'You also need to try and make arguments in terms of economic benefits - who are the winners and losers - because that is the question you are going to be asked.’

In politics nothing is easy but Mr Joseph feels a consensus is building around his agenda, despite this he retains ‘a constant capacity to be surprised, not just where politicians are coming from, you can never quite predict this in some cases, but also you can start things and never tell where they are going to end up’.

‘In some cases you think a plan looks good everyone will agree on this but it falls flat. In other cases a politician will just pick something up and run with it. We thought we were going to have to do a lot of work to get station travel plans established, instead government just picked up the idea put it into a white paper, industry started running after it, and soon enough 30 pilots were produced. The influencing of transport policy is a complete art not a science and you can be constantly surprised by what does and doesn’t resonate with people.’

One area Mr Joseph is not so conciliatory on is the DfT’s transport modelling tools, which show strong growth in traffic over the next generation.

Indeed when asked about the biggest transport myths, Mr Joseph says: ‘Myth one: As people get richer they travel more. That is increasingly not being borne out anywhere in the developed world actually.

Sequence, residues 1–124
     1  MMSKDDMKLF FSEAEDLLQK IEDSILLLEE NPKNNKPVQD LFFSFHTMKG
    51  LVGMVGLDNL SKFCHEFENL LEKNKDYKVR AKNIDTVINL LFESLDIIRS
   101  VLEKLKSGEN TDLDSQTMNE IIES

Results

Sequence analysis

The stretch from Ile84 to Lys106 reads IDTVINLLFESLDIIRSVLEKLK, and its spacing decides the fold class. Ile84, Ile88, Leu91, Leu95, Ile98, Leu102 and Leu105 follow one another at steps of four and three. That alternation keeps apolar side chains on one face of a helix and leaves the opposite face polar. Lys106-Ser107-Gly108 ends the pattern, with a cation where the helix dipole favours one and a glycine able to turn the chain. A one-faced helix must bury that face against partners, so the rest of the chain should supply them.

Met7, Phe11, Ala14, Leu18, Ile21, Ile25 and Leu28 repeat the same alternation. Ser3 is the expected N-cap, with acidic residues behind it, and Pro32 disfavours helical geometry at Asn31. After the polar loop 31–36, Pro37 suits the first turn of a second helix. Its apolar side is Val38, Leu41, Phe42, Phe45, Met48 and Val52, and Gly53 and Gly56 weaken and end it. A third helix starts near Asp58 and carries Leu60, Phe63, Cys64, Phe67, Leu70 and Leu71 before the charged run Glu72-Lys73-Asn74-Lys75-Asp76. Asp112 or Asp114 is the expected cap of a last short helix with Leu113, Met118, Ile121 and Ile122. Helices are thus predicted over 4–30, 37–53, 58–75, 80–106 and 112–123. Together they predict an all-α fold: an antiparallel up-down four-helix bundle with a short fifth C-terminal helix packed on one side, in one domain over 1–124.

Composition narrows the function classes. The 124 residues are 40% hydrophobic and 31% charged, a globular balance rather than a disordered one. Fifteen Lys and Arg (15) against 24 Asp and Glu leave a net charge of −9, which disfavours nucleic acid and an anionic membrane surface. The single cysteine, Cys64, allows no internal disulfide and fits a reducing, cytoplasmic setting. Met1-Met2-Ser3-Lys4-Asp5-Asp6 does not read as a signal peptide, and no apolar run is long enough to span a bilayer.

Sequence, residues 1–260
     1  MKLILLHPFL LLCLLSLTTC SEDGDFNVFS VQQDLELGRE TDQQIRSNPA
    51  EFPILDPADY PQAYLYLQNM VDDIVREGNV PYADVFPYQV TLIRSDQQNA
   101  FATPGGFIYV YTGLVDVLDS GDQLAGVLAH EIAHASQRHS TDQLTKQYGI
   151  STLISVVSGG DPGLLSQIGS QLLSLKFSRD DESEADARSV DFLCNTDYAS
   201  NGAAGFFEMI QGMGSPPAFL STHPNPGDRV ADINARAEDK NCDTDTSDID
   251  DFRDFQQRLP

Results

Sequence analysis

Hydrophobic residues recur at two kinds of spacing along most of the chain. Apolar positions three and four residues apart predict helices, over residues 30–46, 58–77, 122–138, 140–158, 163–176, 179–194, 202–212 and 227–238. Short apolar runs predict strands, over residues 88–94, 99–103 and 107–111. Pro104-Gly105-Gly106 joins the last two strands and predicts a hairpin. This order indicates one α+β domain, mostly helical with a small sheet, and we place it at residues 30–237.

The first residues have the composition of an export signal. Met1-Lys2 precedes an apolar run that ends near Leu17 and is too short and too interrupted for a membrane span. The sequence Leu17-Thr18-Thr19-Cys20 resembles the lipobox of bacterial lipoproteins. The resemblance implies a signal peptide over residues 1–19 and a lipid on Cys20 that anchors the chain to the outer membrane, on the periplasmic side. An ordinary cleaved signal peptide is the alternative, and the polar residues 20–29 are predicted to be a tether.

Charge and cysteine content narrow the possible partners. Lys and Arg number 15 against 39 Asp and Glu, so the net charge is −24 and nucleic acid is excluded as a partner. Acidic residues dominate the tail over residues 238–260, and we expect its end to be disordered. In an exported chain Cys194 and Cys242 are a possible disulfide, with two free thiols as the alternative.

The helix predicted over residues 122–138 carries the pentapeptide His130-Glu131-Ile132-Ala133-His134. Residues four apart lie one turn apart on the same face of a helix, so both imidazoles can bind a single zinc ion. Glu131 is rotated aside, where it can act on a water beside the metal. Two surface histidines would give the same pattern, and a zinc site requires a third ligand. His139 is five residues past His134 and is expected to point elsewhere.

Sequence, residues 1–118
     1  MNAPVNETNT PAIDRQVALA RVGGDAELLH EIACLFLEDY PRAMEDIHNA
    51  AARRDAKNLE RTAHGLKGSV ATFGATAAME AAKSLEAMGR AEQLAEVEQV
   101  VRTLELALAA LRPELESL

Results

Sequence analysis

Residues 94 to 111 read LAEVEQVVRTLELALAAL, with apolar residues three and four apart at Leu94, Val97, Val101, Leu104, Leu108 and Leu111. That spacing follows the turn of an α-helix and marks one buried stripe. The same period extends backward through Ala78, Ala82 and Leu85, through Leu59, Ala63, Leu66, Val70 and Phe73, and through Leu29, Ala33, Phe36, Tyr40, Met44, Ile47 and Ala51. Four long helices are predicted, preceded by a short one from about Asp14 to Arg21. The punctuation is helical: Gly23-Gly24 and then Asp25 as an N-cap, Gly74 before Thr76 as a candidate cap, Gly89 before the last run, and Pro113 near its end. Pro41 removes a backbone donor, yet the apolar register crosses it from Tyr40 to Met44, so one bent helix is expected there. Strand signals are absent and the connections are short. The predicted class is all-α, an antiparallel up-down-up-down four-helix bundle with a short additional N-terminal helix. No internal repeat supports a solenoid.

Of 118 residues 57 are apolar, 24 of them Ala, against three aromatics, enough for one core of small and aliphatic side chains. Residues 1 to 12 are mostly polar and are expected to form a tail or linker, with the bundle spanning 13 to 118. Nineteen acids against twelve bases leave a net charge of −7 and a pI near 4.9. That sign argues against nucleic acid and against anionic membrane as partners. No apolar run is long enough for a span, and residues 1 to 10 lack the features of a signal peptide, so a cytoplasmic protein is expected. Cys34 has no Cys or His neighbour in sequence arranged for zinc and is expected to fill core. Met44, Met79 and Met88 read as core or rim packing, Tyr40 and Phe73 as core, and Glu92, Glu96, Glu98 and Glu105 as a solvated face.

'Two. The myth that in order to help high streets we are going to need lots more parking.

'Three. The myth that you cant change people’s travel behaviour. I think there is enough evidence out there to suggest that you can change enough people’s travel behaviour to create a noticeable difference.’

Having been awarded an OBE in 1996 and a lifetime achievement award in 2004 as part of the National Transport Awards, Mr Joseph has perhaps little left to achieve on a professional level. Looking to the future he warns of the need to integrate transport and planning more closely, with the potential for major house building programmes after the election seen as either a huge opportunity for more transitional influence, or a huge risk to what has been achieved.

He also wants ‘to get to th